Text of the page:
dc.date.available2010-07-13T04:05:55Z-
dc.date.issued2009en_HK
dc.identifier.citationThe 100th Annual Meeting of the American Association for Cancer Research, Denver, CO, 18 - 22 April 2009. In Cancer Research, 2009, v. 69, Abstract no. 2027-
dc.identifier.issn0008-5472-
dc.identifier.urihttp://hdl.handle.net/10722/62648-
dc.description.abstractMCM4 is a subunit of the MCM replication helicase complex (MCM2-7). The hexameric helicase complex plays an essential role in DNA replication and is also involved in regulating genome stability and DNA damage response. Previously, a murine hypomorphic Mcm4 mutant, Phe345Iso, was demonstrated to develop mammary adenocarcinomas in mouse. Another MCM complex subunit, MCM6, was found being up-regulated by estradiol treatment. Expression of MCM4 was found significantly elevated in cervical cancer cells, and the expression was associated with higher tumor staging in esophageal cancer. We hypothesized that MCM4 might be differentially expressed in breast cancers. To examine the expression of MCM4 protein, tissue microarrays containing 112 breast cancers of which 31 cases were paired with non-tumor counterparts were stained for protein expression using monoclonal anti-MCM4 antibody. MCM4 was found to be predominantly expressed in the nucleus. Semi-quantitative assessment showed nuclear score (reflected by percentage of nuclei stained) was significantly higher in tumors compared with non-tumors (p<0.001). Higher nuclear score was significantly associated with higher tumor grade and inversely associated with estrogen receptor (ESR) status. MCM4 mRNA expression was examined in 35 breast cancer cases with paired frozen tumor and non-tumor tissues. Significantly higher MCM4 expression was found in tumors. MCM4 was also expressed at a high level in 13 breast cancer cell lines. To investigate whether the observed aberrant expression pattern might be due to genetic and epigenetic alterations, gene amplification using quantitative PCR and promoter methylation using bisulfite sequencing methods were examined; however, both of these mechanisms were found not associated with the aberrant expression pattern of MCM4 in the breast tumors and/or cancer cell lines. Knockdown of MCM4 in ESR-alpha positive MCF7 cell line by transient transfection of MCM4 shRNA caused reduction of cell viability while the expression of other MCM family genes, such as MCM2 and 7, were substantially reduced. This however did not affect the expression of ESR-alpha, suggesting that ESR-alpha is unlikely to be a downstream target of MCM4. In contrast, estradiol treated MCF7 was found to have high levels of MCM4 expression. Our results suggest that MCM4 might play a role in breast carcinogenesis. Loss of MCM4 might affect the equilibrium and stability of other MCM family proteins. MCM4 might interact with ESR-alpha and estradiol in the development of the cancer. The current study opens a new avenue for studying the role of MCM4 in breast cancer. References Calaf GM et al. Mol Med, 2007; 13(5-6):255-256. Huang XP et al. Cancer Res Clin Oncol. 2005; 131, 677-682. Ishimi Y et al. J. Biochem. 2003; 270, 1089-1101. Shima N et al. Nature Genetics. 2007; 39, 1, 93-98.-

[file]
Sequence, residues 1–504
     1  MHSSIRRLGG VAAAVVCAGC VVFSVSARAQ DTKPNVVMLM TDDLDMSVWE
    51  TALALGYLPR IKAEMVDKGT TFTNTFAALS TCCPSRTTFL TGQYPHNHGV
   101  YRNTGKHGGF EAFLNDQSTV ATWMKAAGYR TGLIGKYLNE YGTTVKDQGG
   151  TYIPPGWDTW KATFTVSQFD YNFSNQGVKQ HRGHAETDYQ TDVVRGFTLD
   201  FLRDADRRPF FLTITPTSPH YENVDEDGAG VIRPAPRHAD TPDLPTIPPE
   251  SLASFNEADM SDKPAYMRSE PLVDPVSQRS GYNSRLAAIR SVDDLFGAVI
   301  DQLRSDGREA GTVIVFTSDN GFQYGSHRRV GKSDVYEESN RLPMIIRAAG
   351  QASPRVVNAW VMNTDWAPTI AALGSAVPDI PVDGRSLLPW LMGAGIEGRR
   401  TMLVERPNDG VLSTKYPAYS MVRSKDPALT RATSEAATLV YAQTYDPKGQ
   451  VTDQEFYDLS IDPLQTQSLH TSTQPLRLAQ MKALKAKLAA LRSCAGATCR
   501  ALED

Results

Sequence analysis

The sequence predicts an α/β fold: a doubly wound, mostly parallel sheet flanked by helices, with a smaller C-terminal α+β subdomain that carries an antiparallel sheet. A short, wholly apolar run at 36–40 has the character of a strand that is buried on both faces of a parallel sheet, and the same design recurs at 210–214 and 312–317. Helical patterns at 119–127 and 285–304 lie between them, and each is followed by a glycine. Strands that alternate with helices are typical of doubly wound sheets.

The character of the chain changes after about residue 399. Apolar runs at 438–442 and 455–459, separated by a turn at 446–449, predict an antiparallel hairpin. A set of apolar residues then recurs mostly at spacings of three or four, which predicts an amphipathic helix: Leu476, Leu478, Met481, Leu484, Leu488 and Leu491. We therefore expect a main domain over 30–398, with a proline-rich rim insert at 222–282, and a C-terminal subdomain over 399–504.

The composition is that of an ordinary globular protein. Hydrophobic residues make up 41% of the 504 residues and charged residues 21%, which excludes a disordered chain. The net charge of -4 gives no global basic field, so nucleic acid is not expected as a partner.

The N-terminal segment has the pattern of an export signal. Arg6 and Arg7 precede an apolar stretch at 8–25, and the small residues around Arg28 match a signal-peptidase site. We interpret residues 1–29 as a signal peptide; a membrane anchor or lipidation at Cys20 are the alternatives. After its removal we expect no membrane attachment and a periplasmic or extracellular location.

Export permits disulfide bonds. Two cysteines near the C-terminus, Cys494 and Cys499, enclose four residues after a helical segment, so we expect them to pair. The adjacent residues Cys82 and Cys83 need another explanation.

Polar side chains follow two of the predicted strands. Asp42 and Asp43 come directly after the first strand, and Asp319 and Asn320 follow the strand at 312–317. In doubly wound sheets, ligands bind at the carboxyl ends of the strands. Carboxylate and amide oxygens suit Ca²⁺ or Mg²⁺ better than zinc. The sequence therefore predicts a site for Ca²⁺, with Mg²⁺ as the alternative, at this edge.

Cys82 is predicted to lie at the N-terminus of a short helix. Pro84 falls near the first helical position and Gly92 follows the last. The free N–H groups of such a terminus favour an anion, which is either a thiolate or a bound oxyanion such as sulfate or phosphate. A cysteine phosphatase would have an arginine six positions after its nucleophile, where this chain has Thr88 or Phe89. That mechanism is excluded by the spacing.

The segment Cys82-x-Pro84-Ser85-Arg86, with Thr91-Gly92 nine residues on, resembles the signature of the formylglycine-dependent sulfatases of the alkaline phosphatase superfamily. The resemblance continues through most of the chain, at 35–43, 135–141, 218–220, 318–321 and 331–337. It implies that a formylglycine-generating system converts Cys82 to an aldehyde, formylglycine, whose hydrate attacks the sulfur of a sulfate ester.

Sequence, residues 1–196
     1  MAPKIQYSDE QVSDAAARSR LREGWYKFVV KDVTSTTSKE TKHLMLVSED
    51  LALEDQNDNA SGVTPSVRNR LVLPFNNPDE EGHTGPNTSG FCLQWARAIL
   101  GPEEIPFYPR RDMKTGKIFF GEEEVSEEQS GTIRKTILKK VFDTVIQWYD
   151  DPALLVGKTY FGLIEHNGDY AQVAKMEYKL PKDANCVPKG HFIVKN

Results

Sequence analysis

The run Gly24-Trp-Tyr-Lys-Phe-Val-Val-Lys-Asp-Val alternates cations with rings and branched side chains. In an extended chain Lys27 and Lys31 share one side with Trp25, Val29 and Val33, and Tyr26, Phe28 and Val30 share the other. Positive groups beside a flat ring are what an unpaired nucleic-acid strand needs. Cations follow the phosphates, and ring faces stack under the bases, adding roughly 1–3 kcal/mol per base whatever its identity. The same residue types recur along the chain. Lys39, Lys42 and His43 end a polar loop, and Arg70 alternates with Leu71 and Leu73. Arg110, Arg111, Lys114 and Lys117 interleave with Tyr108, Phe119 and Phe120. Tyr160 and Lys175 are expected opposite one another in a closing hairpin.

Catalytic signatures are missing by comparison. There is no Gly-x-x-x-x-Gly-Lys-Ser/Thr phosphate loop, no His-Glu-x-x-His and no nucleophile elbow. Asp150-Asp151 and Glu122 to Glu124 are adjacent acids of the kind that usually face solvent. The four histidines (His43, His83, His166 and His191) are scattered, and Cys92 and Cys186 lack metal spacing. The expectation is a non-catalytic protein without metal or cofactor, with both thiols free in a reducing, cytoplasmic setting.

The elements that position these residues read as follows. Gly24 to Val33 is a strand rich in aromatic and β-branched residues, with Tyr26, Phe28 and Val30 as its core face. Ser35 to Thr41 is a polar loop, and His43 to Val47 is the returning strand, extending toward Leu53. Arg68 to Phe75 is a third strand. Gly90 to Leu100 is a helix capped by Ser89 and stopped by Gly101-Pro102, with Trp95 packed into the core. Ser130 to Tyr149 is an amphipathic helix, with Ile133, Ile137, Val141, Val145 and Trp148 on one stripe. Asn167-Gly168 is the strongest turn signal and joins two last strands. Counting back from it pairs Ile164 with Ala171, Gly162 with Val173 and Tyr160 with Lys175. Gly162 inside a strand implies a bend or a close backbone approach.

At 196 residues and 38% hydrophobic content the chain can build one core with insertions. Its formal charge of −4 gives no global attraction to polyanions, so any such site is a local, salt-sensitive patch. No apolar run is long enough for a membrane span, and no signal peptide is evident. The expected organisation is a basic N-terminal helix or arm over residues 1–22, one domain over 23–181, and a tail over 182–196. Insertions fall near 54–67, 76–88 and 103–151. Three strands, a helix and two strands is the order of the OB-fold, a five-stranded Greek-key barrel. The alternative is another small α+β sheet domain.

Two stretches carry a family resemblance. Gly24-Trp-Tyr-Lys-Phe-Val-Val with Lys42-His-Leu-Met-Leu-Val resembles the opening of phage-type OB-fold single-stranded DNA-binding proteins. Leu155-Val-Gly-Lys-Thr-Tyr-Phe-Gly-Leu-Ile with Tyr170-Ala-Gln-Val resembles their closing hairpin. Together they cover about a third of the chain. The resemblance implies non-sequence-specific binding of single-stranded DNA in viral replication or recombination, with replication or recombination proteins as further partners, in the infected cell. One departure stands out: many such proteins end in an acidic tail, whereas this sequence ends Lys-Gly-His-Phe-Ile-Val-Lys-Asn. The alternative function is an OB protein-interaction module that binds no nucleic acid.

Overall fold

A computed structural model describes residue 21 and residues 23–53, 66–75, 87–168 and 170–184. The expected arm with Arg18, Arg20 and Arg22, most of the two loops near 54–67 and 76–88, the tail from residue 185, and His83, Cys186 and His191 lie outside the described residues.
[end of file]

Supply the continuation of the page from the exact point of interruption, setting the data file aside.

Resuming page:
dc.languageengen_HK
dc.publisherAmerican Association for Cancer Research-
dc.relation.ispartofCancer Research-
dc.titleMini-chromosome-maintenance-deficient 4 (MCM4) in breast cancer and its clinical significanceen_HK
dc.typeConference_Paperen_HK
dc.identifier.emailIp, YC: ychi@hku.hken_HK
dc.identifier.emailKhoo, US: uskhoo@pathology.hku.hken_HK
dc.identifier.emailChan, YK: kelvinc@pathology.hku.hken_HK
dc.identifier.authorityKhoo, US=rp00362en_HK
dc.identifier.authorityChan, YK=rp00453en_HK
dc.identifier.hkuros157429en_HK

Export via OAI-PMH Interface in XML Formats


OR


Export to Other Non-XML Formats